How to Read a Book

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Touchstone, Aug 15, 1972 - Language Arts & Disciplines - 426 pages
41 Reviews
With half a million copies in print, How to Read a Book is the best and most successful guide to reading comprehension for the general reader, completely rewritten and updated with new material.

Originally published in 1940, this book is a rare phenomenon, a living classic that introduces and elucidates the various levels of reading and how to achieve them—from elementary reading, through systematic skimming and inspectional reading, to speed reading. Readers will learn when and how to “judge a book by its cover,” and also how to X-ray it, read critically, and extract the author’s message from the text.

Also included is instruction in the different techniques that work best for reading particular genres, such as practical books, imaginative literature, plays, poetry, history, science and mathematics, philosophy and social science works.

Finally, the authors offer a recommended reading list and supply reading tests you can use measure your own progress in reading skills, comprehension, and speed.

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LibraryThing Review

User Review  - dham340 - LibraryThing

This book deserves a detailed review but, I think the best review I could give it is this: Oh how I wish I had read this when I was 18! Highly recommended. Read full review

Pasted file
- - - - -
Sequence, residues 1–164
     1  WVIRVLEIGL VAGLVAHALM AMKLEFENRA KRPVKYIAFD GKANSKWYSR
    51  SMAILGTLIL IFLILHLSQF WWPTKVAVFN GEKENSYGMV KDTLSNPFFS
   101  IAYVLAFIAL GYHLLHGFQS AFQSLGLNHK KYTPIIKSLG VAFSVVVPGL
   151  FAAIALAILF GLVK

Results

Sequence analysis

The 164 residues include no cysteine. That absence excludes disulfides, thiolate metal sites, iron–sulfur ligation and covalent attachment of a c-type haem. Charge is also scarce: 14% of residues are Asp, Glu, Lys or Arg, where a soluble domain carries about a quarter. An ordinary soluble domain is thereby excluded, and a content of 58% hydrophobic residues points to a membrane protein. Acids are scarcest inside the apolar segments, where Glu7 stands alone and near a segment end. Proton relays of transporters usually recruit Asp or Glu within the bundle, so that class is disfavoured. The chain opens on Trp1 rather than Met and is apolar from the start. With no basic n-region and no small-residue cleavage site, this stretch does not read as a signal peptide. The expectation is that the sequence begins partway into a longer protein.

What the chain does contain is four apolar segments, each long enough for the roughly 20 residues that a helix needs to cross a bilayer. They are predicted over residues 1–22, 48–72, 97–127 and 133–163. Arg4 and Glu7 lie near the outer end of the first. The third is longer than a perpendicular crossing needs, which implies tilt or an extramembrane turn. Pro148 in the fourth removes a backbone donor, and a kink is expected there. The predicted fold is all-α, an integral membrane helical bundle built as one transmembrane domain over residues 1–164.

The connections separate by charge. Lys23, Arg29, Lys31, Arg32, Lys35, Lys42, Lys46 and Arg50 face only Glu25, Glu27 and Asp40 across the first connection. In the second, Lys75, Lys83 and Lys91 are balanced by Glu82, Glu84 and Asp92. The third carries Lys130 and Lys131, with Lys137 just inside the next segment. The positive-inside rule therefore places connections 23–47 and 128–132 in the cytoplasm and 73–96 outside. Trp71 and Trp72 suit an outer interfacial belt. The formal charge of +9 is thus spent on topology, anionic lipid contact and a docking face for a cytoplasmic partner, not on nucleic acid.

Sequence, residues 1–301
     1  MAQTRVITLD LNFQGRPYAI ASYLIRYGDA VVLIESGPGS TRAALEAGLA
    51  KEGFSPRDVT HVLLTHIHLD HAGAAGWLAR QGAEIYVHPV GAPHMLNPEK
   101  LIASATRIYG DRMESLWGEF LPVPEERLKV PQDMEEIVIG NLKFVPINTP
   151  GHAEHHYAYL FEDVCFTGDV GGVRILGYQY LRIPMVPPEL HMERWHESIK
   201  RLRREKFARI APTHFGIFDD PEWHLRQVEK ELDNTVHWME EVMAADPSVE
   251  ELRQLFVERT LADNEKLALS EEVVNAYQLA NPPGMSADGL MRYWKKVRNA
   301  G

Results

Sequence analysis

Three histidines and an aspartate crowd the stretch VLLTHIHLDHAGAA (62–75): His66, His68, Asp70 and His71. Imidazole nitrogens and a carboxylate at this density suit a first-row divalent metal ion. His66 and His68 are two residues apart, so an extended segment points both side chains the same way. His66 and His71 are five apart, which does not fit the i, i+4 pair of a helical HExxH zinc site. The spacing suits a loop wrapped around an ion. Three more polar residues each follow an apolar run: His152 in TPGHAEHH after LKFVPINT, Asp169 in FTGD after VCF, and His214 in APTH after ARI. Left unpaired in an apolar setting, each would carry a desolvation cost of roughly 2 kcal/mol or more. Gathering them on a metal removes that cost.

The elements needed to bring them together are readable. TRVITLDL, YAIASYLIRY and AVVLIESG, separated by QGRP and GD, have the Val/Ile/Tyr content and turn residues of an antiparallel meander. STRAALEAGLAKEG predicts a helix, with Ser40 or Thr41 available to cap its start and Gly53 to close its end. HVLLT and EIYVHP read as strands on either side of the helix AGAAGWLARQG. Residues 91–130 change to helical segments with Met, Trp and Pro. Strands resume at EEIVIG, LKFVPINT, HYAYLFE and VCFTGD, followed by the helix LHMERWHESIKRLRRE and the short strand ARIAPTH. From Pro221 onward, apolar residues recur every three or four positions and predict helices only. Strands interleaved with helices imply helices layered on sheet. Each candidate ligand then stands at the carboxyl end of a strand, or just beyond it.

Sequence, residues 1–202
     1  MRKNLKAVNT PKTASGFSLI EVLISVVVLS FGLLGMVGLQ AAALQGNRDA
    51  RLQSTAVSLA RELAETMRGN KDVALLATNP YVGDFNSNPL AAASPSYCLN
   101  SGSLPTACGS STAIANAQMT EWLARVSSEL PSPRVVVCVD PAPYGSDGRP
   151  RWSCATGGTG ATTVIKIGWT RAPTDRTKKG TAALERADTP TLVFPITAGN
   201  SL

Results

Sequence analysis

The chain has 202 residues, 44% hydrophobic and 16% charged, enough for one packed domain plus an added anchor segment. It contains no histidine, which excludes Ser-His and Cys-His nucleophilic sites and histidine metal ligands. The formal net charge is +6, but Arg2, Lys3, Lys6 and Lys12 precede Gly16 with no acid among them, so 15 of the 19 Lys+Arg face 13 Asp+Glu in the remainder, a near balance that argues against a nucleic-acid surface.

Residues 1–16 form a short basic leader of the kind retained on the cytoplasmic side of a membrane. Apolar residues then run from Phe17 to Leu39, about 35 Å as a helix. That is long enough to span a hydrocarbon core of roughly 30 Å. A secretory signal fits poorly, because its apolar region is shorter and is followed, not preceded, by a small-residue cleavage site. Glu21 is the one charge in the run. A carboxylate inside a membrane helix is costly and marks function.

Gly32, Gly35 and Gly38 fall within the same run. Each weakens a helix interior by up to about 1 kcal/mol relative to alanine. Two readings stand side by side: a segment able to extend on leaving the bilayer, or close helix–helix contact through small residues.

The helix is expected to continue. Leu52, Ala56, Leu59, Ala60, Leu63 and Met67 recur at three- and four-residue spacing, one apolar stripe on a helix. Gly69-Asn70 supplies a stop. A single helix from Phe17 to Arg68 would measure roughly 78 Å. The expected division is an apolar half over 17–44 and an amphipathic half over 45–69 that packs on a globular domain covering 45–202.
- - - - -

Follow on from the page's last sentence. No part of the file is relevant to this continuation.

LibraryThing Review

User Review  - Mirandalg14 - LibraryThing

The information was good, but it was obvious that it was written in a time when people were more patient in the way information was presented. It was really dry and I couldn't stay focused on what I was reading. Read full review

Contents

IV
3
V
4
VI
7
Copyright

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About the author (1972)

Dr. Mortimer J. Adler was Chairman of the Board of the Encyclopedia Britannica, Director of the Institute for Philosophical Research, Honorary Trustee of the Aspen Institute, and authored more than fifty books. He died in 2001.

Dr. Charles Van Doren earned advanced degrees in both literature and mathematics from Columbia University, where he later taught English and was the Assistant Director of the Institute for Philosophical Research. He also worked for Encyclopedia Britannica in Chicago.